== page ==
As anyone who works for themselves (and particularly anyone who works for themselves from home) knows, it is often very difficult to differentiate between working and relaxing and knowing when “good enough” will do. We see our work (and a plethora of uncompleted and necessary tasks) every single time we look out the window or open the front door. It is VERY easy for Type A personalities to fall into the trap of working all the time, from first morning light until one minute before bed. I know personally that this entire scenario can quickly become overwhelming for those with perfectionist tendencies (this includes BOTH of us, although thankfully not on the same topics !!). Over time and with much (!) practice, we have devised some coping mechanisms and strategies that work reasonably well for us in differentiating our business from our personal lives and in keeping both running *relatively* smoothly most of the time !

1. The horses’ needs ALWAYS come first. It doesn’t matter who is visiting, what the weather is doing, what is planned, or what time it may be, caring for the horses always comes first. This very much includes such items as keeping the fences, buildings and equipment in good repair and keeping the pastures mowed in addition to feeding, emergency care, farrier work and grooming . Regular communication with our clients is very important too, but even this takes second place to caring for the horses.

2. Caring for us comes next. Obviously this doesn’t involve month long vacations in Tahiti twice a year, but we believe it is absolutely critical to take or make adequate time for us, both individually and as a couple. Individually, this includes Melissa taking lessons and riding her horses several times a week while I enjoy some uninterrupted quiet time to enjoy a good book or surf the net. Jointly, this means ensuring that we create enough time on a regular basis to ensure that we can tackle little problems before they become big problems AND ensuring that we have enough time to have some non-work related fun together ! For us this means creating two or more evenings a week when we are focused on each other or on something that both of us want to do/see/watch.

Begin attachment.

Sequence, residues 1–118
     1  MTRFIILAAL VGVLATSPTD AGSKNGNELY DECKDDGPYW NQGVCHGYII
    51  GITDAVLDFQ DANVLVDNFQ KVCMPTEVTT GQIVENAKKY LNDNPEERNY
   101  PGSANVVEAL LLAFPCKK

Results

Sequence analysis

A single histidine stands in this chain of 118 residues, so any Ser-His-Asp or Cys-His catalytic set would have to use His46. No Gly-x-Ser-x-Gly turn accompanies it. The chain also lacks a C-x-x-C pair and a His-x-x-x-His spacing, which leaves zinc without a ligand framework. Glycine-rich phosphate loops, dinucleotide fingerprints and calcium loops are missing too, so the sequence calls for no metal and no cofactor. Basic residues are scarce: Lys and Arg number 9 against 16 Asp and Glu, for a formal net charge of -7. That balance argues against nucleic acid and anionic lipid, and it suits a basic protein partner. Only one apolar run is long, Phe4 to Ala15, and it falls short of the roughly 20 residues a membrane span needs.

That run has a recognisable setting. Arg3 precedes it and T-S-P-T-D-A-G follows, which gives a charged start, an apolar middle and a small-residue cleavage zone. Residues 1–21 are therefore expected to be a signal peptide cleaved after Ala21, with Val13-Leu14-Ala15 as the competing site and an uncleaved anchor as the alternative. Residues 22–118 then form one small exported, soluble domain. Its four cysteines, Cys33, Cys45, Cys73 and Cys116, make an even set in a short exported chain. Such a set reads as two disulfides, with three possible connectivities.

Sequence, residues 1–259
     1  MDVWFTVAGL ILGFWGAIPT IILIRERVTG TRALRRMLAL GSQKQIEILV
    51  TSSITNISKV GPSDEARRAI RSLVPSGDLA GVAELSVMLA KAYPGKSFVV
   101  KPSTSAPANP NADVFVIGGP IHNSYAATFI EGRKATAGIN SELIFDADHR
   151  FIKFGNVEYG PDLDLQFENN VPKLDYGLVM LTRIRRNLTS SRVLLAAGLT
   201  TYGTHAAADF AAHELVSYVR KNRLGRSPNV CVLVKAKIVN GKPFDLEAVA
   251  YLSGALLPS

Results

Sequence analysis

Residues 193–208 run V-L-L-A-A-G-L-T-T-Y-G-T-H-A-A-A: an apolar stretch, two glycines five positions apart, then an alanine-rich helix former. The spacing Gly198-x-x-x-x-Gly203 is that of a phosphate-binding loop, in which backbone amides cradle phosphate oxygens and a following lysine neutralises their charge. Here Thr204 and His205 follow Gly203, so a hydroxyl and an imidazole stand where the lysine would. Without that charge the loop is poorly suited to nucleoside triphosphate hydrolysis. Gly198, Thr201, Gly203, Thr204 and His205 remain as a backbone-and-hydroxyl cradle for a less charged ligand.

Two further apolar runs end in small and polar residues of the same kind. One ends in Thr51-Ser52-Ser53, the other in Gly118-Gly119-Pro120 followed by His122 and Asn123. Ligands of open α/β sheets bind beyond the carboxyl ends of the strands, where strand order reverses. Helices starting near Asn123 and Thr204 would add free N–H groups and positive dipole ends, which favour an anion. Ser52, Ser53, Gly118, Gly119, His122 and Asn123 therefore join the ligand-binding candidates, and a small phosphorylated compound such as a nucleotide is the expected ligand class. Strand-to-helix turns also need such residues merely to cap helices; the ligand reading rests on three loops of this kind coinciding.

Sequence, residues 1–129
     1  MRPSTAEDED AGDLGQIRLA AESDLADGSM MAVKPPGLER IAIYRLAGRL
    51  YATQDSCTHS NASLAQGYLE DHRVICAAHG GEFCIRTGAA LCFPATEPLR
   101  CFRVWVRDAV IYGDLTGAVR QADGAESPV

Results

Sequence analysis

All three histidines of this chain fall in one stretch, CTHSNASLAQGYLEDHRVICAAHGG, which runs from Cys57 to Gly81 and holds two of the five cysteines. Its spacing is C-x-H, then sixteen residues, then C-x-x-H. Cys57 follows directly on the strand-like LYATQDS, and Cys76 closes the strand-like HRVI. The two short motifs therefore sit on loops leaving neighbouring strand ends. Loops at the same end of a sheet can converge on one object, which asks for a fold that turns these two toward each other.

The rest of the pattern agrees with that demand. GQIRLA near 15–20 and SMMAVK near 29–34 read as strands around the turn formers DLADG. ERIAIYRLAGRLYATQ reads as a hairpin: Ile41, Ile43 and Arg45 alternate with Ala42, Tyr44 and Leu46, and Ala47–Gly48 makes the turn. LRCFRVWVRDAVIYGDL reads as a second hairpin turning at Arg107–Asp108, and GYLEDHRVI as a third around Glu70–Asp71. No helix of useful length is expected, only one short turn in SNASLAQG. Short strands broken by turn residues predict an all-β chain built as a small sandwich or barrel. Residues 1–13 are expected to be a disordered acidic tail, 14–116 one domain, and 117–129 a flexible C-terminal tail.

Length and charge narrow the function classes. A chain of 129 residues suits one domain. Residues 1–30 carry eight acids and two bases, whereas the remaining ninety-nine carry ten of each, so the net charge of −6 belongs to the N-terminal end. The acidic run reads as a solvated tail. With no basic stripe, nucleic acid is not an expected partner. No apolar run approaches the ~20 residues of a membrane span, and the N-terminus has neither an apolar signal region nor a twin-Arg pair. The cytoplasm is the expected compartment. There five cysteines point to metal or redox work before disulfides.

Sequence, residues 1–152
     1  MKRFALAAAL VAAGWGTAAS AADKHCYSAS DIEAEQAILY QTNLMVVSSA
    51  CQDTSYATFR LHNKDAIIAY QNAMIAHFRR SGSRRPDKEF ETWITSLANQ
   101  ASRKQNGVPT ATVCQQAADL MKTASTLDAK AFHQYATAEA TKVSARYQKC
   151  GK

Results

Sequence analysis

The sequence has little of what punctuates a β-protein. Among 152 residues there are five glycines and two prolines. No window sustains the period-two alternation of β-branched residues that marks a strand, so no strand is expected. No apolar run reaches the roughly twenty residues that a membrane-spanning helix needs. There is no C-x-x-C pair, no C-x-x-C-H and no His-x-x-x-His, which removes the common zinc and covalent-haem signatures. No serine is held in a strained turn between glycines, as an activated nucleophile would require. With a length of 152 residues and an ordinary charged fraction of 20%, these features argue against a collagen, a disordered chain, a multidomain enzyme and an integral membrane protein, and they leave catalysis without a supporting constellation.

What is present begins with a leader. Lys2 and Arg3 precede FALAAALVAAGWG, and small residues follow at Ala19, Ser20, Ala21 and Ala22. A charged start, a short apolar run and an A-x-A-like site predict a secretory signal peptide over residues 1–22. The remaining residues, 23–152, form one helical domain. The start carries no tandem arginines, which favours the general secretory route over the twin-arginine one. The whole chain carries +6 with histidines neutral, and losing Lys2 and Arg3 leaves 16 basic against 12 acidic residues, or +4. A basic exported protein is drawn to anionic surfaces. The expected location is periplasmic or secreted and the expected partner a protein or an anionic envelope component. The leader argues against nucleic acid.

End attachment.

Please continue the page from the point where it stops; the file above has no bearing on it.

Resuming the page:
3. Caring for everything (and everyone) else comes next. After tending after the first two, sometimes there isn’t much left in the tank to deal with anybody else. Learning that this is okay was a long hard lesson of a thing to learn for both of us.

I’m very curious to know what similar issues you face in your world. How do you cope with them successfully ? When is “good enough”, good enough and when does it require considerably more effort to be acceptable ? For those with spouses, what are your challenges ?

I think learning to say “good enough” in all it’s ways has probably been one of the biggest marital and business challenges that Melissa and I have ever faced.

(post written by Jason)

I saw these sitting on the fence one afternoon. I don’t know if they are hawks, vultures, buzzards or what. I do know that they look like something I don’t want to mess with, and I’m thinking their presence means something had a day that ended badly!


Ogie, Winston, Faune, Asterik and B-Rad

Teddy and O’Reilly


Lightening


Elfin decided that chewing on the fly mask on the gate would be a nice way to pass some time


Hemi and Slinky playing over the fence. Hemi is 17.2 hands and Slinky is a large pony who very much has a macho man personality. Here he is coming down from the classic squeal, swish my tail and strike at the fence maneuver. I hoped to snap this picture sooner but both front feet are still off the ground. Hemi just found it entertaining to make Slinky go through the whole routing. He would basically keep putting quarters in so he could watch the whole routine again.


Clay

Winston


B-Rad and Alex


MyLight and Lily


Homer and Trigger